Text of GlycolysisGluconeogenesis. Glycolysis - Overview One of best characterized pathways Characterized in...
Glycolysis - Overview One of best characterized pathways Characterized in the first half of 20th century Glucose --> 2 pyruvates + energy Strategy add phosphoryl groups to glucose convert phosphorylated intermediates into compounds with high phosphate group-transfer potentials couple the subsequent hydrolysis of reactive substances to ATP synthesis Glucose + 2NAD + + 2 ADP + 2P i --> 2NADH + 2 pyruvates + 2ATP + 2H 2 O + 4H +
Overview of Glycolysis The Embden-Meyerhof (Warburg) Pathway Essentially all cells carry out glycolysis Ten reactions - similar in most cells - but rates differ Two phases: First phase converts glucose to two G-3-P Second phase produces two pyruvates Products are pyruvate, ATP and NADH NADH must be recycled Three possible fates for pyruvate
Fate of pyruvate Decarboxylation to acetaldehyde Reduction to ethanol Reduction to lactate Mitochondrial oxidation 1 NADH --> ~3 ATP
Enzymes of glycolysis Catalyzed reactions and properties
First Phase of Glycolysis The first reaction - phosphorylation of glucose Hexokinase or glucokinase This is a priming reaction - ATP is consumed here in order to get more later ATP makes the phosphorylation of glucose spontaneous
Hexokinase 1st step in glycolysis; G large, negative Hexokinase (and glucokinase) act to phosphorylate glucose and keep it in the cell K m for glucose is 0.1 mM; cell has 4 mM glucose So hexokinase is normally active! Glucokinase (K m glucose = 10 mM) only turns on when cell is rich in glucose Hexokinase is regulated - allosterically inhibited by (product) glucose-6-P -
Hexokinase First step in glycolysis Large negative deltaG Hexokinase is regulated - allosterically inhibited by (product) glucose-6-P Corresponding reverse reaction (Gluconeogenesis) is catalyzed by a different enzyme (glucose-6- phosphatase) Is it the committed step in glycolysis ?
Glucose Fructose-6-P Glucose-6-P Glyceraldehyde-3-P Pyruvate ATP GlycogenRibose-5-P + NADPH Nucleic acid synthesis Reducing power Glucose-6-P dehydrogenase
Rx 2: Phosphoglucoisomerase Glucose-6-P to Fructose-6-P
Rx 3: Phosphofructokinase PFK is the committed step in glycolysis! The second priming reaction of glycolysis Committed step and large, neg delta G - means PFK is highly regulated ATP inhibits, AMP reverses inhibition Citrate is also an allosteric inhibitor Fructose-2,6-bisphosphate is allosteric activator PFK increases activity when energy status is low PFK decreases activity when energy status is high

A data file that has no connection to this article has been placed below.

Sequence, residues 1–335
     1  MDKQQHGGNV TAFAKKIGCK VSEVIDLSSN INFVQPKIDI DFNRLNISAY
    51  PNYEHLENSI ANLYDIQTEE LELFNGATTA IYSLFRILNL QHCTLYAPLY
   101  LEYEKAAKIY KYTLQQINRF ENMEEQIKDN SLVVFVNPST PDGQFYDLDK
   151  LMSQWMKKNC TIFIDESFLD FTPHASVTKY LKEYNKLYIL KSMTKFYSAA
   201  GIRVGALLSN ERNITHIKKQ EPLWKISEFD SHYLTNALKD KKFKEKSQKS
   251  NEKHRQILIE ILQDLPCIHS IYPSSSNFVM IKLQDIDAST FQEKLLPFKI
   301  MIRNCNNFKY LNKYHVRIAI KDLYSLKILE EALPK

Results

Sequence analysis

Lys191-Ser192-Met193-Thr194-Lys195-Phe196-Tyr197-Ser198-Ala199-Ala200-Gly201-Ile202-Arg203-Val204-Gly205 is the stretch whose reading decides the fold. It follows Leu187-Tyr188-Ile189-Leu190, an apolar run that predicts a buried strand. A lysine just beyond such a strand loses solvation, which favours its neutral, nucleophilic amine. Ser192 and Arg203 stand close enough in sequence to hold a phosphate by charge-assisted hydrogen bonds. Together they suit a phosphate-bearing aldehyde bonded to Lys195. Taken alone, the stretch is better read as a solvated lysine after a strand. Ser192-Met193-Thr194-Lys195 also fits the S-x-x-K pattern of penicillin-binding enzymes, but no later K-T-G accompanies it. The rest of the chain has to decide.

Glycolysis - Second Phase Metabolic energy produces 4 ATP Net ATP yield for glycolysis is two ATP Second phase involves two very high energy phosphate intermediates. 1,3 BPG Phosphoenolpyruvate
Rx 10: Pyruvate Kinase PEP to Pyruvate makes ATP These two ATP (from one glucose) can be viewed as the "payoff" of glycolysis Large, negative G - regulation! Allosterically activated by AMP, F-1,6-bisP Allosterically inhibited by ATP and acetyl- CoA
The Fate of NADH and Pyruvate Aerobic or anaerobic?? NADH is energy - two possible fates: If O 2 is available, NADH is re-oxidized in the electron transport pathway, making ATP in oxidative phosphorylation In anaerobic conditions, NADH is re-oxidized by lactate dehydrogenase (LDH), providing additional NAD + for more glycolysis
The Fate of NADH and Py Aerobic or anaerobic?? Pyruvate is also energy - two possible fates: aerobic: citric acid cycle anaerobic: LDH makes lactate
The elegant evidence of regulation! Standard state G values are scattered: + and - G in cells is revealing: Most values near zero 3 of 10 reactions have large, negative G Large negative G reactions are sites of regulation! Energetics of Glycolysis
Gluconeogenesis Synthesis of "new glucose" from common metabolites Humans consume 160 g of glucose per day 75% of that is in the brain Body fluids contain only 20 g of glucose Glycogen stores yield 180-200 g of glucose So the body must be able to make its own glucose
Comparison of glycolysis and gluconeogenesis pathways
Substrates for Gluconeogenesis Pyruvate, lactate, glycerol, amino acids and all TCA intermediates can be utilized Fatty acids cannot! Most fatty acids yield only acetyl-CoA Acetyl-CoA (through TCA cycle) cannot provide for net synthesis of sugars
Gluconeogenesis I Occurs mainly in liver and kidneys Not the mere reversal of glycolysis for 2 reasons: Energetics must change to make gluconeogenesis favorable (delta G of glycolysis = -74 kJ/mol Reciprocal regulation must turn one on and the other off - this requires something new!
Energetics of Glycolysis The elegant evidence of regulation! G in cells is revealing: Most values near zero 3 of 10 reactions have large, negative G Large negative G reactions are sites of regulation! Reactions 1, 3 and 10 should be different to go into opposite direction
Gluconeogenesis II Something Borrowed, Something New Seven steps of glycolysis are retained: Steps 2 and 4-9 Three steps are replaced: Steps 1, 3, and 10 (the regulated steps!) The new reactions provide for a spontaneous pathway ( G negative in the direction of sugar synthesis), and they provide new mechanisms of regulation